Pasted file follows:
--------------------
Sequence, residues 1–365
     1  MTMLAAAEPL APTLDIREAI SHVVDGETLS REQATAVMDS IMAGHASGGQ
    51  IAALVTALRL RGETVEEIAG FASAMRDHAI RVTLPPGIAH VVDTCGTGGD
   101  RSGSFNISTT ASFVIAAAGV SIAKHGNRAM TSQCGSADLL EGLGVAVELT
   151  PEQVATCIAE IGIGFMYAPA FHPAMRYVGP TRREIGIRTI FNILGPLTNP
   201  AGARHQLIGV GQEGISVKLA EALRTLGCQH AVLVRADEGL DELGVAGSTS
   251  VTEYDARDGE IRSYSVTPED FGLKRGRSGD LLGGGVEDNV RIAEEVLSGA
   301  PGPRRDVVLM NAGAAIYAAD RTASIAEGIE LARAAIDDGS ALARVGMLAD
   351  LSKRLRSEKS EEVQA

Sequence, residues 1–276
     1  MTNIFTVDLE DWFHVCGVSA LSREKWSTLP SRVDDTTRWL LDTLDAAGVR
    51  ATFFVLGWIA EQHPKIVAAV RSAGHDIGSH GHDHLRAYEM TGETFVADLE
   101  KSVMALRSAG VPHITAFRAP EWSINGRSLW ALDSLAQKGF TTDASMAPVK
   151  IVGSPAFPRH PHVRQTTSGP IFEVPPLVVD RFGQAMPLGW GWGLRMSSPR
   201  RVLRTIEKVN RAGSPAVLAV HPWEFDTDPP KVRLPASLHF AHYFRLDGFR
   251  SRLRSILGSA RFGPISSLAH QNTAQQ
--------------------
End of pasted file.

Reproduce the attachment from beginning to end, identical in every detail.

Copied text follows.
Sequence, residues 1–365
     1  MTMLAAAEPL APTLDIREAI SHVVDGETLS REQATAVMDS IMAGHASGGQ
    51  IAALVTALRL RGETVEEIAG FASAMRDHAI RVTLPPGIAH VVDTCGTGGD
   101  RSGSFNISTT ASFVIAAAGV SIAKHGNRAM TSQCGSADLL EGLGVAVELT
   151  PEQVATCIAE IGIGFMYAPA FHPAMRYVGP TRREIGIRTI FNILGPLTNP
   201  AGARHQLIGV GQEGISVKLA EALRTLGCQH AVLVRADEGL DELGVAGSTS
   251  VTEYDARDGE IRSYSVTPED FGLKRGRSGD LLGGGVEDNV RIAEEVLSGA
   301  PGPRRDVVLM NAGAAIYAAD RTASIAEGIE LARAAIDDGS ALARVGMLAD
   351  LSKRLRSEKS EEVQA

Sequence, residues 1–276
     1  MTNIFTVDLE DWFHVCGVSA LSREKWSTLP SRVDDTTRWL LDTLDAAGVR
    51  ATFFVLGWIA EQHPKIVAAV RSAGHDIGSH GHDHLRAYEM TGETFVADLE
   101  KSVMALRSAG VPHITAFRAP EWSINGRSLW ALDSLAQKGF TTDASMAPVK
   151  IVGSPAFPRH PHVRQTTSGP IFEVPPLVVD RFGQAMPLGW GWGLRMSSPR
   201  RVLRTIEKVN RAGSPAVLAV HPWEFDTDPP KVRLPASLHF AHYFRLDGFR
   251  SRLRSILGSA RFGPISSLAH QNTAQQ